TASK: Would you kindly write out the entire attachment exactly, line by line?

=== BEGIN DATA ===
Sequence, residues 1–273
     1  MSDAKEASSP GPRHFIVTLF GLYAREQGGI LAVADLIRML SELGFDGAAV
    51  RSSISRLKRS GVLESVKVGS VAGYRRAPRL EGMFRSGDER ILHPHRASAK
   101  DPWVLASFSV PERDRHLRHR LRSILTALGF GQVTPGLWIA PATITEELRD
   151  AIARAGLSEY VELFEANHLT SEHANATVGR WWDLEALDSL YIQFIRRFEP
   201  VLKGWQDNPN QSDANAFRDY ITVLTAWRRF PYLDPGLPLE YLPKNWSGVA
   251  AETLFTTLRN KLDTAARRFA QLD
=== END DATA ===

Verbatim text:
Sequence, residues 1–273
     1  MSDAKEASSP GPRHFIVTLF GLYAREQGGI LAVADLIRML SELGFDGAAV
    51  RSSISRLKRS GVLESVKVGS VAGYRRAPRL EGMFRSGDER ILHPHRASAK
   101  DPWVLASFSV PERDRHLRHR LRSILTALGF GQVTPGLWIA PATITEELRD
   151  AIARAGLSEY VELFEANHLT SEHANATVGR WWDLEALDSL YIQFIRRFEP
   201  VLKGWQDNPN QSDANAFRDY ITVLTAWRRF PYLDPGLPLE YLPKNWSGVA
   251  AETLFTTLRN KLDTAARRFA QLD